Recently the President released his long-form birth certificate to show everyone, perhaps especially those birthers gone berserk, that he’s an American born in America who belongs in the White House. On a day-to-day basis, desis in the U.S. are not being asked to pull out their long-forms (not yet anyway), but are there other ways in which we’re made to feel that we have to prove we belong, that we’re American? New research from psychologists seems to address this question with a particular focus on the food choices of immigrant groups–“Fitting In but Getting Fat: Identity Threat and Dietary Choices among U.S. Immigrant Groups.”
Psychologists show that it’s not simply the abundance of high-calorie American junk food that causes weight gain. Instead, members of U.S. immigrant groups choose typical American dishes as a way to show that they belong and to prove their American-ness.
“People who feel like they need to prove they belong in a culture will change their habits in an attempt to fit in,” said Sapna Cheryan, corresponding author and an assistant professor of psychology at the University of Washington. “If immigrants and their children choose unhealthy American foods over healthier traditional foods across their lives, this process of fitting in could lead to poorer health,” she said.
The results are published in the June issue of Psychological Science.
Public health studies show that diets of immigrants, including those from Asia, Africa and Central and South America worsen the longer they stay in the United States. (press release)
Surveying Asian-American and white college students to learn more about their embarrassing food memories, the researchers found 68% of Asian-American respondents recalled food-related insecurities around white peers while
growing up, compared to only 27% of white respondents. Examples included
awkwardness about using chopsticks, eating animal parts like fish eyes,
chicken feet, etc.
The research aimed to measure whether the threat of not being identified as American had an effect on food preferences by asking the students “Do you speak English?” before starting the experiment.
Because the sampled American dishes tended to be fattier, threatened participants ended up consuming an extra 182 calories, 12 grams of fat and seven grams of saturated fat – roughly equivalent to a four-piece order of McDonald’s chicken nuggets – than participants who were not asked if they were American.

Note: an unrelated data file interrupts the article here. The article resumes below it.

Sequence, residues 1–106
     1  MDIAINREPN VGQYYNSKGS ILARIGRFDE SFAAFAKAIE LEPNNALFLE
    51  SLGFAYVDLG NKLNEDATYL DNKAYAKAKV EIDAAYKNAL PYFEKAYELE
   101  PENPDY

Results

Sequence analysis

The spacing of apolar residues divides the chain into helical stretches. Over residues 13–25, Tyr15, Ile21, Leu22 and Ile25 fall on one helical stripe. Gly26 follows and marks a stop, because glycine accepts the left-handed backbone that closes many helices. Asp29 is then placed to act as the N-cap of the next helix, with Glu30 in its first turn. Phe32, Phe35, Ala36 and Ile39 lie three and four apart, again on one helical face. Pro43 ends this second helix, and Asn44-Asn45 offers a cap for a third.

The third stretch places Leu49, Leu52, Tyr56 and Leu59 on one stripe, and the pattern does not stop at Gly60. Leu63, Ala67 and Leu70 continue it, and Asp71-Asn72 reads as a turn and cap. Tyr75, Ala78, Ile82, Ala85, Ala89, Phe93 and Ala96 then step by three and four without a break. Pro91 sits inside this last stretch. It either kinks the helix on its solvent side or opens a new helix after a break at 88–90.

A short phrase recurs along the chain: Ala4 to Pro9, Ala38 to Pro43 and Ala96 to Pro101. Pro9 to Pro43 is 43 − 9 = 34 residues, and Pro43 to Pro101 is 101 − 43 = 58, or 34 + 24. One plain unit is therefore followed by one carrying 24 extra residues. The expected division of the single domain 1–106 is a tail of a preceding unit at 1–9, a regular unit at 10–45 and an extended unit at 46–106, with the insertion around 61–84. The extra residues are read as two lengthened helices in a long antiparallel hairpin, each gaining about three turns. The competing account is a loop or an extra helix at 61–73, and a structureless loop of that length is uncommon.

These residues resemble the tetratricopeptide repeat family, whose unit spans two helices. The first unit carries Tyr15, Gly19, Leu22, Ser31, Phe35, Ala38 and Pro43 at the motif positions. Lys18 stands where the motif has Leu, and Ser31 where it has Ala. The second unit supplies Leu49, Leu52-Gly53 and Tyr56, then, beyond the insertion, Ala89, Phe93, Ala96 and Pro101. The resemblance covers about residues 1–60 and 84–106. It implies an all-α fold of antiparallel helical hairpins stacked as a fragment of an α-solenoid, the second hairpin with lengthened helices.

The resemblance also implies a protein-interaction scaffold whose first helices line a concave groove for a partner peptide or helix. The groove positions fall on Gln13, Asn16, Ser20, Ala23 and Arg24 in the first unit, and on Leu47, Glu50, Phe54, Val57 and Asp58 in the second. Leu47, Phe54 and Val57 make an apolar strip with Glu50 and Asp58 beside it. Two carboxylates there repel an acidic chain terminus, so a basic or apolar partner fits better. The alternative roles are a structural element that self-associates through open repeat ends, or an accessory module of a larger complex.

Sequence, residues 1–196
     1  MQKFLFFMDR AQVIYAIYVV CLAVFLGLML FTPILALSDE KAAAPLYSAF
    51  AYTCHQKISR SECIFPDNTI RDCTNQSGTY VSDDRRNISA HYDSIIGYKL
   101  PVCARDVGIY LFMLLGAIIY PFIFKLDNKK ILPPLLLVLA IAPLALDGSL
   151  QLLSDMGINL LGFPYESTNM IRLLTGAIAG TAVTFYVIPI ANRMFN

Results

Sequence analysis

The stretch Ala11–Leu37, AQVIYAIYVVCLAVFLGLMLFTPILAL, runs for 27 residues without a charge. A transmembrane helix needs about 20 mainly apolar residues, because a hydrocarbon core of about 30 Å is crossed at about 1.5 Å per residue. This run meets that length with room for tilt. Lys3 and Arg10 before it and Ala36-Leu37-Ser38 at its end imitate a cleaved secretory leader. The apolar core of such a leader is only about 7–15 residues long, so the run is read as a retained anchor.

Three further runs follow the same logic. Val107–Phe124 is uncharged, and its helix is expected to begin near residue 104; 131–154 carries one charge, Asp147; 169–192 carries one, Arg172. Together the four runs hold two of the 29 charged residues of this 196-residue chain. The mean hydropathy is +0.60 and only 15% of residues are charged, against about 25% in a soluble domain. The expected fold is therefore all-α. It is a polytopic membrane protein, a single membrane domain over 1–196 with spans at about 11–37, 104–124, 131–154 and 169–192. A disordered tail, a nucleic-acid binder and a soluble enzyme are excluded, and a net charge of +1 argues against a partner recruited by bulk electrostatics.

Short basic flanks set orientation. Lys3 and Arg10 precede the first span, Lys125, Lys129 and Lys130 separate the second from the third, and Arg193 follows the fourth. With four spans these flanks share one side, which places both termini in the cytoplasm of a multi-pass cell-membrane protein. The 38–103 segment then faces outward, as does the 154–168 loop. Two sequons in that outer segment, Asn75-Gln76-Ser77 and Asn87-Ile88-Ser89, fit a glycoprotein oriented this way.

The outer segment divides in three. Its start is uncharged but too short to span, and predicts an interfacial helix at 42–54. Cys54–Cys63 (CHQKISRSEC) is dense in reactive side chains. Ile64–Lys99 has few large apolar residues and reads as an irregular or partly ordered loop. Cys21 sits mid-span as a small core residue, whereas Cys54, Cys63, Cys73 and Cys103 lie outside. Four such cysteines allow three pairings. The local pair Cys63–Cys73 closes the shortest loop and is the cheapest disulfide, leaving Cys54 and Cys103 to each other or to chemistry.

I wonder which of my food preferences developed while I was growing up might be related to trying to fit in or “be American.” My mom remembers me being introduced to American-style food when I was in preschool and says that I asked at home for foods like “fruit cop-tail” after eating them there. I remember bugging our parents at the grocery store for things like Kraft’s mac & cheese in a box, which is its own kind of embarrassing food memory now that I know more about how it stacks up nutritionally against their homecooked desi meals.I couldn’t identify with the study’s listed examples (chopsticks/fish eyes) of embarrassing food memories around peers, though I have my own memories of inventing fake dinners to report back to our second grade class. Our teacher was kind of a fanatic about the now-outdated concept of four food groups, inspecting our lunches in the cafeteria to see if they conformed and having us list what we had for dinner too. The fake dinners I reported eating were ones I spotted in coupon flyers or in TV ads, and they were easier to describe in English and conveniently much more like everyone else’s dinners than the veggies and pulses my mom served with rice. (I’m not sure I knew the word okra or pulse then, and I definitely didn’t know yet that kakarakaya=bitter gourd).
Here’s the paper if you are interested in examining the research in more detail. If you are interested in how cultural stereotypes affect people’s actions and choices, then you may want to follow the work of Sapna Cheryan, which also includes research on why women are underrepresented in computer science and how that might be changed:
(Image via Flickr: calculat0r)